For the real revolutionary, power is death, because the real revolutionary destroys the rotten system, the real revolutionary even takes up arms. But woe is the revolutionary who does so for the sake of personal power. The real revolutionary should liberate the halls of authority, to clean those halls of self-breeding ignoramuses, but the real revolutionary must not stay in the halls of power and should leave only a reminder about him and plaster the fear of his return on the walls of those halls. The real revolutionary should be like the Wrath of God, to all those who believe only in what they see and have contempt for the virtual threats of the Wrath of God.

The real revolutionary should remain vigilant after the victory of the revolution because the victory of the revolution should be crowned by the self-government of the people, when the people is free to shape authority and be rid of the authority that has been shaped for them, when the people, the citizen is free to express his thoughts, is free to express his complaints and satisfactions, when the people is free to work, to create, to express its tendencies. This is power by the people. And when the people are sovereign, the real revolutionary should be ready for new revolutions, lest there be threats to the sovereignty of the people, the freedom of the people. If that is so, the revolutionary should be reborn, to appear as the Wrath of God, as an unexpected tempest, as the flood in Noah’s time, and overthrow the system, cleanse it, wash the halls of power, and equally unexpectedly leave, like a summer storm. And he will appear just as suddenly when the people is burning with a thirst for Justice.

And when he is convinced that the people’s sovereignty is not threatened, that in the foreseeable future it will not be threatened, even from him or from his revolution, at that time he is free to become a regular citizen, with the rights of a regular citizens.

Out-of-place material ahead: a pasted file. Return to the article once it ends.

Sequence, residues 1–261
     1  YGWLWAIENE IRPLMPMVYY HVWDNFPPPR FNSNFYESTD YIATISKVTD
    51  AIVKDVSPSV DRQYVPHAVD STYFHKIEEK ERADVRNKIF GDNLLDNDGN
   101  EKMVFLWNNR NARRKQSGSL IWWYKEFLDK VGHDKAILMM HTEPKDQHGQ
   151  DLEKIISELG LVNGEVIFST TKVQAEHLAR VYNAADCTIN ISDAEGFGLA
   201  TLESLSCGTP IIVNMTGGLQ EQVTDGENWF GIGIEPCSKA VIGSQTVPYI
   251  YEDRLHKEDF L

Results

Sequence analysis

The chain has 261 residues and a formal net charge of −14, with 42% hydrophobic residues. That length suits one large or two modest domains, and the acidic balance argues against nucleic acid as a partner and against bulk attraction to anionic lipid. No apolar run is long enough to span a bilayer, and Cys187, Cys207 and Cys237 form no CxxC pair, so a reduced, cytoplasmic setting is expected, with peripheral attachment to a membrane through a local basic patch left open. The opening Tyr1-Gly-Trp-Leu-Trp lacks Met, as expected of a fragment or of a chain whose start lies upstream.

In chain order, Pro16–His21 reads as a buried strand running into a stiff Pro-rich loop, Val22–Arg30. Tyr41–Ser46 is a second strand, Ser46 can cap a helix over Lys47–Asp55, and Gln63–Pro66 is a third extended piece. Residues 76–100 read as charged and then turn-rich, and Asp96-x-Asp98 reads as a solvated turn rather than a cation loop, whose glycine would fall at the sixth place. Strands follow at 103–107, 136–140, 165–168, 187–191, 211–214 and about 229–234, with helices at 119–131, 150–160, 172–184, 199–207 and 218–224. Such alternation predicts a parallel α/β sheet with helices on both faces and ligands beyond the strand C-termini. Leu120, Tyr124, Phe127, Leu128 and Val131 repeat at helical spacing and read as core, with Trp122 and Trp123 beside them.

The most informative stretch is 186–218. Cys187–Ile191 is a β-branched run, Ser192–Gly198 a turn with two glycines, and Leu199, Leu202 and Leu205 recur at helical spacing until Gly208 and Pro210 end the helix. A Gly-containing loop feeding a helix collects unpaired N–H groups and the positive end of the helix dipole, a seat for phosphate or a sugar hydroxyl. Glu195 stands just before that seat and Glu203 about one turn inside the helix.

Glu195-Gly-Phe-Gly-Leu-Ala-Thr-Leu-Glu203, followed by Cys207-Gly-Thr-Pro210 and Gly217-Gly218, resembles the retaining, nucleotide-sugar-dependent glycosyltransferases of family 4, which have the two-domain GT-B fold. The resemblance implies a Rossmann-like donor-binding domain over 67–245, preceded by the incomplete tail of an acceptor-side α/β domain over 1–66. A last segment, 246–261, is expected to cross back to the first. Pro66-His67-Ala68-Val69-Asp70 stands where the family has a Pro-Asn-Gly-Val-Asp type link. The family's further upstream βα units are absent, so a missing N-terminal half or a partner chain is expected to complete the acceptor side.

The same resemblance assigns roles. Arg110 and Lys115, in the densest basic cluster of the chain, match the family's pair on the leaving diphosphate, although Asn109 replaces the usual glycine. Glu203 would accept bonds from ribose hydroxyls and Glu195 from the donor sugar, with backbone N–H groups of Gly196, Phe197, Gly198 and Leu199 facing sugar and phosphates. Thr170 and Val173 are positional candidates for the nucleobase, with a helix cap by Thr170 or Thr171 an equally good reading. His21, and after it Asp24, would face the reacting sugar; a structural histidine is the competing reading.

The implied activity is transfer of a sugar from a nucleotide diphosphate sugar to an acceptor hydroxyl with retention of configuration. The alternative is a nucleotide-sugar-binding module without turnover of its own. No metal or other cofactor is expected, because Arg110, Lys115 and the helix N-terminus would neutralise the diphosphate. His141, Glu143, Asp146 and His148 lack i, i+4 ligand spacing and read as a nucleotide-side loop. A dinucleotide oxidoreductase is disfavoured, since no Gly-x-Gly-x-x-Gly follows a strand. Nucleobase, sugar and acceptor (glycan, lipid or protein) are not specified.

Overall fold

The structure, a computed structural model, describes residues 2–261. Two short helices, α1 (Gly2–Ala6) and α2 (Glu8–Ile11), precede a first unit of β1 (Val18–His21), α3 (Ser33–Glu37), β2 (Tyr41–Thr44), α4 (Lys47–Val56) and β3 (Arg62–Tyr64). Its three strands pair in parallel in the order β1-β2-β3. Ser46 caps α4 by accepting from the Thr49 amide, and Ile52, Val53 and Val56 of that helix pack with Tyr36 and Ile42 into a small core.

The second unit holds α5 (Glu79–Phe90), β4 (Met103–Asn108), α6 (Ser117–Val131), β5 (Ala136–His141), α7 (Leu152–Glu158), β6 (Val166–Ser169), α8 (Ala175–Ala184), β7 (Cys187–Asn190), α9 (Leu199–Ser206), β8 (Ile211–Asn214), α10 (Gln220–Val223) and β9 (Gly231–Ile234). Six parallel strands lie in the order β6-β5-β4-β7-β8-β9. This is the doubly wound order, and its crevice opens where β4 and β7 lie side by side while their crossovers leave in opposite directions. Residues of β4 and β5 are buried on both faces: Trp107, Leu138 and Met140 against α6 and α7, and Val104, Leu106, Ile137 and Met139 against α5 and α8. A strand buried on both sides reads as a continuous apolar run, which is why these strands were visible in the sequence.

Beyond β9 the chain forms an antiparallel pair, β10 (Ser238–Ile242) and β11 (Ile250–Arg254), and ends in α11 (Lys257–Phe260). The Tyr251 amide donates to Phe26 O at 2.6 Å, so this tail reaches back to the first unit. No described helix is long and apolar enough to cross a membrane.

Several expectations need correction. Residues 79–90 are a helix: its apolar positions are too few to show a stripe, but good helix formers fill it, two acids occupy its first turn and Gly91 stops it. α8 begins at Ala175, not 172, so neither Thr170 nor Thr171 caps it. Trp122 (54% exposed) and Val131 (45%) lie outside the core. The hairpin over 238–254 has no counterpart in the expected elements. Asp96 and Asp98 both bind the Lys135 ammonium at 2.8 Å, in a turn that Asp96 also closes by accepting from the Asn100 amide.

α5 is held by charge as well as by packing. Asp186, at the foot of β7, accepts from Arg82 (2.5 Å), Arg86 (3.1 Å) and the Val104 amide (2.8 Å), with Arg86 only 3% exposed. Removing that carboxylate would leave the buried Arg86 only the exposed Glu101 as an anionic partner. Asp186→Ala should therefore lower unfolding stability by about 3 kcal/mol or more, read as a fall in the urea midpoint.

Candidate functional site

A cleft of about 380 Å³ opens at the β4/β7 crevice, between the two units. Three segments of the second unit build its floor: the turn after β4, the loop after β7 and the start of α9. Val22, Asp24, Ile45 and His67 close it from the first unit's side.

The greatest revolutionaries probably never even thought about this. Only Che Guevara, maybe, but rather than think about it, he had felt it, he had sensed the problem. But they, the well-known revolutionaries of history, through their lives, their commitment and determination, sometimes through fear and sensitivity have given us the opportunity to think about it.

They have given us the opportunity to answer to the call that is heard more and more frequently: Evolution or Revolution? The proponents of evolution themselves don’t understand that there can not be evolution without revolution. To think otherwise is simply naïve. Had there not been revolutions and revolutionaries in the world the human race would not have progressed from the prehistoric era. Why are the British Queen Elizabeth and the other queens and kings so loved by their own peoples? Because the memory of the revolutions against their ancestors is alive in their minds, and which had become the awakening slap in the face of all those who refused, didn’t wish to understand that things can not remain as they were.

Che Guevara’ silhouette looks at me from one of the tall buildings in Havana’s center. Many think that he is alien to the new world, to the free world. But no, I’m convinced: if there had not been Ernesto Che Guevara in this world, there would not have been Nelson Mandela, Vaclav Havel, Lech Walesa.

I now look strangely at the red star. But if I had lived in Cuba in the 1960’s, I would have been his, Che Guevara’s soldier. How I would have liked to answer, ‘Yes,’ and that ‘Yes’ to sound clear and loud, indubitable and final. But ‘Yes’ is just talk that needs, that needs proof, and more proof, which must be merited, must be merited.

(to be continued)